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Kristin Stricker, Chief Operating OfficerWed, Aug 28, 2013 5 min read

The Magic Inbound Marketing Recipe

inbound marketing, inbound 2013, inbound, inbound marketing strategy, marketing strategyAs marketers and business owners, can we ever, with absolute certainty, predict what the magic mix of marketing strategies and tactics will be in order to establish solid, sustainable growth?

Probably not.

We live in a complex and ever-changing world full of unpredictability and emotion-driven behavior. In a world such as ours, certainty in anything is unlikely.

However, the ever-increasing amount of data available for us to harness increases the probability that we -- as marketers and entrepreneurs -- will get it right.

Nate Silver’s keynote presentation at Inbound 2013, The Signal And The Noise: Why So Many Predictions Fail – But Some Don’t, provided thought-provoking insights into how data is best used to guide our actions, both on a societal level and as inbound marketers.

Silver, one of Time’s 100 Most Influential People in 2009, has built his statistical and forecasting reputation on the coattails of correctly predicting the 2008 election (he correctly predicted the outcomes of 49 states). Since then, he’s been an influential force in the world of politics and sports. The following are key takeaways I gleaned from Silver’s presentation:

1. Data doesn’t lie.

This is true, but it doesn’t necessarily give a full version of the truth either. For data to be truly enlightening, context needs to exist.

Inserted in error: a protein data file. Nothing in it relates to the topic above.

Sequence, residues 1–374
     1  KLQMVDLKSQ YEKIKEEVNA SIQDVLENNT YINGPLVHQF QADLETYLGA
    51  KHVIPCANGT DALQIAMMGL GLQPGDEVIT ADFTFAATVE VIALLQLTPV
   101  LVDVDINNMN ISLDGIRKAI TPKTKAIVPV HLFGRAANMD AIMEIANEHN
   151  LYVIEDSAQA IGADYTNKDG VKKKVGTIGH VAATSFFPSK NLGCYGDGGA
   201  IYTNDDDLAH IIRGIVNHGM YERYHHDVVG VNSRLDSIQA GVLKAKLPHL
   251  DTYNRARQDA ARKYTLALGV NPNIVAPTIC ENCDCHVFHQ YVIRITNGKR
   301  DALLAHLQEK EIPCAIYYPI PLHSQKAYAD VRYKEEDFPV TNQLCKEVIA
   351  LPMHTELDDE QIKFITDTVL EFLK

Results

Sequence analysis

In Silver’s presentation, context was described as the existence of ample historical data to provide a base of trends, connections and outcomes.  In the world of inbound marketing, we often get caught up in the day-to-day view of data.

While this is an essential part of any inbound marketing strategy, we should be taking a step back from time to time to look at the bigger picture, and ask ourselves:

  • What have the trends been over time?
  • Does seasonality exist?
  • Do groups of similar keywords/topics consistently peak interest?
  • If not, what else is going on in the environment when keywords/topics do well vs. when they don’t pique much interest?

Consistently culling insight from the big-picture, long-term perspective provides powerful data to strategically guide your business in the right direction.

2. Data is only as beneficial as your biggest company naysayer allows it to be.

Having a culture that embraces data, as an integral and guiding force to marketing and business development, is essential.

The human element -- or context -- is still a very important element. Context provides a frame of reference from our experiences. However, leveraging data opens new doors, presents different perspectives and creates more informed thoughts… if you let it.

If the culture of your organization is stuck in the old world of decision-making based on gut feelings and personal experiences, then it is time to take a hard look before your competitors’ leverage the power that is at their fingertips. And, speaking of competitors…

3. Without competition, there’s no urgency to improve products and services.

While we all dream of a world without competitors, they’re an essential part of Silver’s formula for maximizing the power of data.

Without the drive to keep ahead of our competitors, we’re not as likely to spend time diving into data to uncover that key nugget of truth unlocking our competitive advantage, make our product the best there is or provide an innovative service. A healthy dose of competition may be just what the doctor ordered!

While Nate Silver’s presentation focused on the great and positive impact data has on our society as a whole, it also applies to inbound marketing. When context, the right culture and a healthy dose of competition exist, the opportunities are many.

Start Today Tip: Take a step back and then dive into the historical data at your fingertips. Set aside some time to play with this data by segmenting and asking “if this… then what?” questions. By building different views of your data you gradually start to see a clear and comprehensive picture of the world around you.